Lawsuit Announced Against AAV Manufacturer In Service Members' Deaths
Attorneys representing the families of nine service members killed in an ocean-training accident near San Clemente Island last summer announced a lawsuit Thursday against the manufacturer of the amphibious-assault vehicle that sank with the men inside.
The lawsuit, to be filed on behalf of the families of eight Marines and one Navy sailor who died on July 30, 2020, alleges defects in the AAV's cargo hatch door left the servicemen trapped inside the vehicle with no way to get out.
Aleta Bath’s son, Evan A. Bath, was a 19-year-old Marine private on board the sunken AAV.
“He was my only son, my only child…. He was my whole world…” she said.
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The service members, ranging in age from 18 to 22, were taking part in a maritime training mission about 80 miles west of Encinitas and went down in water nearly 400 feet deep.
Seven members of the crew aboard the AAV were able to escape the sinking craft and survived.
The body of one Marine was recovered shortly after the accident. The naval Undersea Rescue Command recovered the other victims' remains from the sea floor eight days later.
Attorneys said the nine servicemembers spent 45 minutes trying to open the AAV's hatch door, but could not force it open or place the door in a locked and open position.
They said the vehicle's manufacturer, BAE Systems, has been aware of the problem for decades.
“I just want all of our boys to be safe going forward and I miss my kid, I would give anything to bring him back…” said Bath.
Annee Della Donna, one of the attorneys representing the families, said BAE "never bothered to fix it or notify the military. Instead, they've taken billions of dollars from U.S. taxpayers to build these death traps."
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When reached for comment on the suit, a BAE spokesperson issued the following statement: "We offer our deepest sympathies to the families impacted by this tragedy and we mourn the loss of the nine service members. We are not in a position to comment on ongoing litigation. The U.S. Marine Corps has conducted an investigation into this incident and we would ask you to contact them with any questions directly related to the incident."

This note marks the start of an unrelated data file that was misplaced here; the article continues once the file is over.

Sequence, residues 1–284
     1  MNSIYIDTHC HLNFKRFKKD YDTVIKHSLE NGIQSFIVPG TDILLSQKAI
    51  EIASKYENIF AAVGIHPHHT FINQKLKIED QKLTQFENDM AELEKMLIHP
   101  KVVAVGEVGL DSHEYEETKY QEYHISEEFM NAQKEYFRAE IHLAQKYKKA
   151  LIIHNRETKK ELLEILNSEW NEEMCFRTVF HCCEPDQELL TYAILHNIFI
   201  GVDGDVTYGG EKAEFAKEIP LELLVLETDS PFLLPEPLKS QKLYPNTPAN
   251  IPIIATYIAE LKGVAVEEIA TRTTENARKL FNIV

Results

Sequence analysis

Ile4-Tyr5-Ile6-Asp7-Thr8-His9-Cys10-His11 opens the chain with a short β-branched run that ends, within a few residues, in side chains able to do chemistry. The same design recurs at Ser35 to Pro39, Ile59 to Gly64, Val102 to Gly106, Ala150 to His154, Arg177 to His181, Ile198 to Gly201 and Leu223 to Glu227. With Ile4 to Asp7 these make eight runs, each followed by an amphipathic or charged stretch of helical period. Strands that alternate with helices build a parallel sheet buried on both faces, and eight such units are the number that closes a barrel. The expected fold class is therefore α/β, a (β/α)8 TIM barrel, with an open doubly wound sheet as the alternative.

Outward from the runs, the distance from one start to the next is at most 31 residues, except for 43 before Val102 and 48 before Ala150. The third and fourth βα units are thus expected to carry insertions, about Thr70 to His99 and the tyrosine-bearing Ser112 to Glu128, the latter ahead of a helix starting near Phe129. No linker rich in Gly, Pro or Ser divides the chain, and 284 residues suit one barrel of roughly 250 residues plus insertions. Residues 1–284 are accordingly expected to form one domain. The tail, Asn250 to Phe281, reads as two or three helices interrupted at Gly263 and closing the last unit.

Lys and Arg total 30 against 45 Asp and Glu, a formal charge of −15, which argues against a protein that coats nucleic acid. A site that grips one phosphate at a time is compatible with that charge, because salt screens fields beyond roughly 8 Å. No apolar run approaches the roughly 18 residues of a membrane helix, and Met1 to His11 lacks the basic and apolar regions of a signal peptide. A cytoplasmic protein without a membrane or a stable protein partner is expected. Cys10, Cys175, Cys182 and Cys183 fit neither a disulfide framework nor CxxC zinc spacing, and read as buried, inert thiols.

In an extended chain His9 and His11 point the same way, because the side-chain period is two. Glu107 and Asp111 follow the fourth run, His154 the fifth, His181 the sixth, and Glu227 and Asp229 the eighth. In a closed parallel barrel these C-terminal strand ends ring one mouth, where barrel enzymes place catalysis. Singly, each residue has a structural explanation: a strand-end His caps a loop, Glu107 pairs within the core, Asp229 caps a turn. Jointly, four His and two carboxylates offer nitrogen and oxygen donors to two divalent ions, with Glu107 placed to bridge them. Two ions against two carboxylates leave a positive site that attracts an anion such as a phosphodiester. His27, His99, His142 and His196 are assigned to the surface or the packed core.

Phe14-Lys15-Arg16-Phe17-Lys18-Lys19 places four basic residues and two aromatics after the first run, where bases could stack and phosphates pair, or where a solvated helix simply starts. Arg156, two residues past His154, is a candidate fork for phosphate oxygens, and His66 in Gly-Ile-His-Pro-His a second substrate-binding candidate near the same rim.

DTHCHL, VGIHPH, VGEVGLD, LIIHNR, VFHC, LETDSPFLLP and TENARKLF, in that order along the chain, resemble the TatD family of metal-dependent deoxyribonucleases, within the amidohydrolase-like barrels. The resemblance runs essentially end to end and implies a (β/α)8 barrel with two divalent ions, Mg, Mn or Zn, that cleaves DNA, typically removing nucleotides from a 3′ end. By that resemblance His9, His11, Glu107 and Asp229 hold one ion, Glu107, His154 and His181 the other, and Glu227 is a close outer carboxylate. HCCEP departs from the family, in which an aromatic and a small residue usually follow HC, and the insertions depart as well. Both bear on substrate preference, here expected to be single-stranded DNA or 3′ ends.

A report issued earlier this year by the Marine Corps alleged poor maintenance of the AAVs and human errors regarding training played large roles in the accident.
Della Donna said many of the AAVs involved in the training mission were old and had reported maintenance issues, but that even with those problems, the men would have been able to escape the vehicle had the hatch door been operable.
The attorneys also said that despite negligence and human errors alleged on the part of military members in the Marine Corps investigation, the families are barred from suing the military due to what's called the Feres Doctrine, which prevents service members and their families from filing suit against the federal government for wrongful deaths or injuries sustained while serving.
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In addition to the lawsuit, attorneys and the families are working to get an emergency egress system established on AAVs, which would allow for hatch doors to immediately open, as well as a door designed to open inward to allow easier egress from the vehicle.
Della Donna said the families are also calling for the military to keep all AAVs from being used in the water until the necessary design changes are made.
A statement provided by the Marine Corps said it “is committed to identifying the issues that led to this tragedy and to preventing future occurrences. A comprehensive review of amphibious operations is underway, being conducted by senior Marine Corps and Navy personnel.
The investigation will look into the equipment, procedures, and training used in waterborne operations with AAVs.